[00:21:21] And what we try to do is use that information that we’ve collected from conversations that have occurred with account holders and use that to help us know what direction we need to go. So if more, um, If people, if we see an uptick in account holders saying that they want to pay through Venmo or want to pay through PayPal, or maybe they say, Hey, I want to pay through square, or I want to pay through Zelie or who knows what the next one is tomorrow.

[00:21:50] Um, We’re using those kinds of analytics to help us with our strategy and what we would do. 

Boris Grinshpun: [00:21:56] Yeah. I love that notion of like the customer centric, if you will, or customer service centric approach that you guys have really are sort of undertaking as part of that and it creating those feedback loops. Back from your own consumers, even in an unfortunate situation, as you know, sometimes people can be in order really to perfect your perfect, your service. And I also loved the story around it. Innovation, right? Innovation in the space to say, “Hey, we’re going to try this.” Yeah, it may work. Maybe it doesn’t, maybe doesn’t work. Uh, but we’re going to try and we’re going to give it a go and see if there’s value at the end of it. Stop. Thank you very much for, uh, coming on the show with us today. I think the wealth of information you’ve provided will be extremely valuable. So Jon, from everybody here at LiveVox, thank you very much to you and your organization Williams & Fudge, Inc.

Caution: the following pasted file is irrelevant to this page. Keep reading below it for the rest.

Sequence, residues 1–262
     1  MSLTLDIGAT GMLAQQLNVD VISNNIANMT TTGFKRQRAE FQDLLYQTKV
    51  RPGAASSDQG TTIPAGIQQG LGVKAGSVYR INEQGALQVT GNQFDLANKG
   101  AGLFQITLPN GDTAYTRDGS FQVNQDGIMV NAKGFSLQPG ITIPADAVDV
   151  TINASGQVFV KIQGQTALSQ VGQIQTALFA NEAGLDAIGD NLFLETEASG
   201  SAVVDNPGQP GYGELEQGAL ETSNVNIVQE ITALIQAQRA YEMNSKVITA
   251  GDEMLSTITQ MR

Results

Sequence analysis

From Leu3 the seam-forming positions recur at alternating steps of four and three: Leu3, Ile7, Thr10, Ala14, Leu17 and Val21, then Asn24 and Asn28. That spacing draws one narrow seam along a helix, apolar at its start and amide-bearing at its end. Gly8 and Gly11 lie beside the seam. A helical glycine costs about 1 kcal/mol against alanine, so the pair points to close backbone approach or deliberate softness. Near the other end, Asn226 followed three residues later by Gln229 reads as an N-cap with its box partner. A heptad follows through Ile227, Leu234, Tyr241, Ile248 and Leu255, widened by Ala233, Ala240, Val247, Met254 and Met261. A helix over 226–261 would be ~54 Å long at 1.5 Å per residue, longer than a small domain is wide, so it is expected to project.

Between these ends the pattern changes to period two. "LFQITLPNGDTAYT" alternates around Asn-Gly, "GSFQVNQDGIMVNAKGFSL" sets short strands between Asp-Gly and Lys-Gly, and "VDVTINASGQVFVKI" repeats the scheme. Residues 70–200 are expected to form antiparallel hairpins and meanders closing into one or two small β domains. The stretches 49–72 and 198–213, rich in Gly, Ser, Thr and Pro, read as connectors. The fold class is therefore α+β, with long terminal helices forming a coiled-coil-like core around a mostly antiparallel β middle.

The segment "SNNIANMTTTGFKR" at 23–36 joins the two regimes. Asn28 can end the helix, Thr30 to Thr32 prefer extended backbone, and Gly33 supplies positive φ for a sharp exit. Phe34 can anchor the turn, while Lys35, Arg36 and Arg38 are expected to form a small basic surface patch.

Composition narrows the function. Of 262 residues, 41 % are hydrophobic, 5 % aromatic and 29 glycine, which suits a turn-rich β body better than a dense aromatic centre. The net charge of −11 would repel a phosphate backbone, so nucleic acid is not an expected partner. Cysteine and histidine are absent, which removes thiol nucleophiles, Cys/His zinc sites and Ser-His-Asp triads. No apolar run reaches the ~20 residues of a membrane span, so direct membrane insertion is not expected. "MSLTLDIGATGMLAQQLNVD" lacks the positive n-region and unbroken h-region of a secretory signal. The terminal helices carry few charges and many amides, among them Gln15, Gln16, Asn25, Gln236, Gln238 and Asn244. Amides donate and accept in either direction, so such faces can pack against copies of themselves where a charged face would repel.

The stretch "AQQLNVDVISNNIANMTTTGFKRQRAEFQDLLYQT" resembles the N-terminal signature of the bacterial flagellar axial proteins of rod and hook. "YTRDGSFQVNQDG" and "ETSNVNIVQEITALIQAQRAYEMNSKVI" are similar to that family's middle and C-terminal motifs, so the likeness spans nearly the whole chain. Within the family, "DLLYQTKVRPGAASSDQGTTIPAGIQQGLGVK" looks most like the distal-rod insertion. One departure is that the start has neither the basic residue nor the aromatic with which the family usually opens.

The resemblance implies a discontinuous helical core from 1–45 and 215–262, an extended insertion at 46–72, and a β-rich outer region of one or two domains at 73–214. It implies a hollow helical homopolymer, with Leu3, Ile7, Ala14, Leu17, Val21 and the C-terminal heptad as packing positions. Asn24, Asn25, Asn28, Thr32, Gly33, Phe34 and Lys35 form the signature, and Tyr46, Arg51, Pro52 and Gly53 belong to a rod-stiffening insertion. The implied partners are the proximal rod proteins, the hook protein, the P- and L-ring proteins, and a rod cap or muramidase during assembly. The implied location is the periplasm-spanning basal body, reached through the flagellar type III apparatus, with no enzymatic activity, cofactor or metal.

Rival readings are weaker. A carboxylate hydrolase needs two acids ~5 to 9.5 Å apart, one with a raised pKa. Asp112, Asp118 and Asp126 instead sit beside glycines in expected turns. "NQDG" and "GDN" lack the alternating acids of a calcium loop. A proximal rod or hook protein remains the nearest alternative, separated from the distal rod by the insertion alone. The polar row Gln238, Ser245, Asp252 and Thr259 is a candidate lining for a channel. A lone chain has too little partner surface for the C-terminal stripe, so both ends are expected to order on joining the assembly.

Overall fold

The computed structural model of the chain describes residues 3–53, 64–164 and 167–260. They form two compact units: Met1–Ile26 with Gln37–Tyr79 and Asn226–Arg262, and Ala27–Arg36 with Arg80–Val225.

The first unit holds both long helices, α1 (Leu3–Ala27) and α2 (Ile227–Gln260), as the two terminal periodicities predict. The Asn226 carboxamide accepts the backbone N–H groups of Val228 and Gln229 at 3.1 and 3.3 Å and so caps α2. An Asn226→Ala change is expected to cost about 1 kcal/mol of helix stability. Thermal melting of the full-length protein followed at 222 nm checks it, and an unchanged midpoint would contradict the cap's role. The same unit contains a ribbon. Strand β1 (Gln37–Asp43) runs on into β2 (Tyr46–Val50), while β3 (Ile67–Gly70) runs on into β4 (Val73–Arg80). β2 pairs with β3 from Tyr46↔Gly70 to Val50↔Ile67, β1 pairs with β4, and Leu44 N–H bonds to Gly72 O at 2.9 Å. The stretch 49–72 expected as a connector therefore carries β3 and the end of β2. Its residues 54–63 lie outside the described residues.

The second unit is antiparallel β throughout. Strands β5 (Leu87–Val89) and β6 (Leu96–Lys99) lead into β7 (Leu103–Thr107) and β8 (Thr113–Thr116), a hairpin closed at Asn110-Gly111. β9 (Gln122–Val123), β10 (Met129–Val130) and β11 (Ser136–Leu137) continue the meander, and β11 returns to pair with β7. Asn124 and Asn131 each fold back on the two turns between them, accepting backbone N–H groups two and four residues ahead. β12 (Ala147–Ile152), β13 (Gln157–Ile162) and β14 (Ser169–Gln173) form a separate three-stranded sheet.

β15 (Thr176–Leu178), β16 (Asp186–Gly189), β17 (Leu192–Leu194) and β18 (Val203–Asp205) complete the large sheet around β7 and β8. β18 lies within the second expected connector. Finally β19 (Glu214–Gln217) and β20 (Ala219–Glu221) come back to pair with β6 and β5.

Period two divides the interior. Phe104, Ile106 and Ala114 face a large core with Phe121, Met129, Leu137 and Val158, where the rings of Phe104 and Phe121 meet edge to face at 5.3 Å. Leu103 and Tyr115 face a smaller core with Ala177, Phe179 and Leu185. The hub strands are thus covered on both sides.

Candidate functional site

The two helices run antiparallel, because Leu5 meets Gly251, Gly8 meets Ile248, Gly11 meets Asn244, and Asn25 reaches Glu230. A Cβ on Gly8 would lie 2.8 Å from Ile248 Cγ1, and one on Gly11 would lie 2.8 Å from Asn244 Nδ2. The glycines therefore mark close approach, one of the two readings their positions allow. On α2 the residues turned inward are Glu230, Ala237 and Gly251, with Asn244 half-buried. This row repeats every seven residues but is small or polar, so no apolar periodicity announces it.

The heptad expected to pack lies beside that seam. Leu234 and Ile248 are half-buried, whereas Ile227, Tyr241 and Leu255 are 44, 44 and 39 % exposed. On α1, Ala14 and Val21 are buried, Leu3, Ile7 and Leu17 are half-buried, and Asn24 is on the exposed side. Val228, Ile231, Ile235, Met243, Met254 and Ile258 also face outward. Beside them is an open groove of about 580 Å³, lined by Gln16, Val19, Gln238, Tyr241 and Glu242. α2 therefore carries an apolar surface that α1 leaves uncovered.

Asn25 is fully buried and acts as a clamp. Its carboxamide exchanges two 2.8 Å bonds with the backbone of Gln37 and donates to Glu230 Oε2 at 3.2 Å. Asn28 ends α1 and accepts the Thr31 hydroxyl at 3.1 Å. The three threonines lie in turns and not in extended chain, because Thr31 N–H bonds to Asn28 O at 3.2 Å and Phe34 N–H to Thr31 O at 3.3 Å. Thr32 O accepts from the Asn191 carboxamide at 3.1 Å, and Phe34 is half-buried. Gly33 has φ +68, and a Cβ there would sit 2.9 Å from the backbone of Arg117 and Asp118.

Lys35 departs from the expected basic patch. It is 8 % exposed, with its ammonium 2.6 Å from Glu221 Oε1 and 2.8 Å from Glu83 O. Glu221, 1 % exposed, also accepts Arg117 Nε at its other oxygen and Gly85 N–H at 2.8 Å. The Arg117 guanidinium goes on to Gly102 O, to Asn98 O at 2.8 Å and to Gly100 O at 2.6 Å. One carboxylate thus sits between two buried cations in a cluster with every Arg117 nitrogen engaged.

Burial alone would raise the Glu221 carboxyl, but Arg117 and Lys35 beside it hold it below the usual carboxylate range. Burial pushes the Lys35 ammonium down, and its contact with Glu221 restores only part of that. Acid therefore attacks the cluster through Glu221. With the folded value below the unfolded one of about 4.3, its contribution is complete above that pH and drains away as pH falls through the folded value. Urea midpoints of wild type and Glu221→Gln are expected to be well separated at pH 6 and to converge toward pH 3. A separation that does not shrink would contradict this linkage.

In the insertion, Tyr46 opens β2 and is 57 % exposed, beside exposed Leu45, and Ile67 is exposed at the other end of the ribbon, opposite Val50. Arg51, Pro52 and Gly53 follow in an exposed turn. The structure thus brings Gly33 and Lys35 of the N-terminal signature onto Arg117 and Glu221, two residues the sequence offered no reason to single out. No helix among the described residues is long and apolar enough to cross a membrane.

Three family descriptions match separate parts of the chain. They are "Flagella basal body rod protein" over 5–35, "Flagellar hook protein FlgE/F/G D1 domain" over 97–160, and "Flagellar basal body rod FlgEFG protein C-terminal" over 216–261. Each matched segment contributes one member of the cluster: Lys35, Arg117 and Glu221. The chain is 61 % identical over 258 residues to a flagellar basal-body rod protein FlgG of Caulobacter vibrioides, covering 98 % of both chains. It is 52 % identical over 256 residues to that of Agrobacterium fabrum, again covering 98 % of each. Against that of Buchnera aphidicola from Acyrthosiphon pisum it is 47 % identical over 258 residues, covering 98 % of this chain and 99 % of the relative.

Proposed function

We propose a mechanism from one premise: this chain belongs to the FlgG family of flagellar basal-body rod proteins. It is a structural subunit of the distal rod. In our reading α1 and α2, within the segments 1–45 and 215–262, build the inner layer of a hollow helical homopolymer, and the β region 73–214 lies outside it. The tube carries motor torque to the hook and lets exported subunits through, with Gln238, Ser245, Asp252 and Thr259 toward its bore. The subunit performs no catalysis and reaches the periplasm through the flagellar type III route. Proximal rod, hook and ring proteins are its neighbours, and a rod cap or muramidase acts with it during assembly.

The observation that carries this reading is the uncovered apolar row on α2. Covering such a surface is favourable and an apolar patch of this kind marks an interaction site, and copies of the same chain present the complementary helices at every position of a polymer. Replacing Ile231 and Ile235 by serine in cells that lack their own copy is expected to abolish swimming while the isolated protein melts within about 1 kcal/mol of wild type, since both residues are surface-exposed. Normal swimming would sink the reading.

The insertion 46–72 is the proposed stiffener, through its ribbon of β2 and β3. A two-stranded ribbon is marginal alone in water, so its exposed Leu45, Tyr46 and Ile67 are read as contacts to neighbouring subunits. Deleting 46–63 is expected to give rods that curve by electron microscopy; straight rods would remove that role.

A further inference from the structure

Boris Grinshpun: [00:22:50] Thank you for coming on the show today. 

Jon Balon: [00:22:53] Thank you for, uh, giving me the time to, uh, kind of share our story and I just encourage any business out there. Um, you know, think about your consumer, thinking about your, your clients. Think about your account holder, whatever you call them, think about them first in, in your decisions and what you did decide to do and what you decide to implement. And if you think of them first and you put them at the forefront of your decision making, you’re going to be successful. So that’s the last thing I’d like to leave out Roman.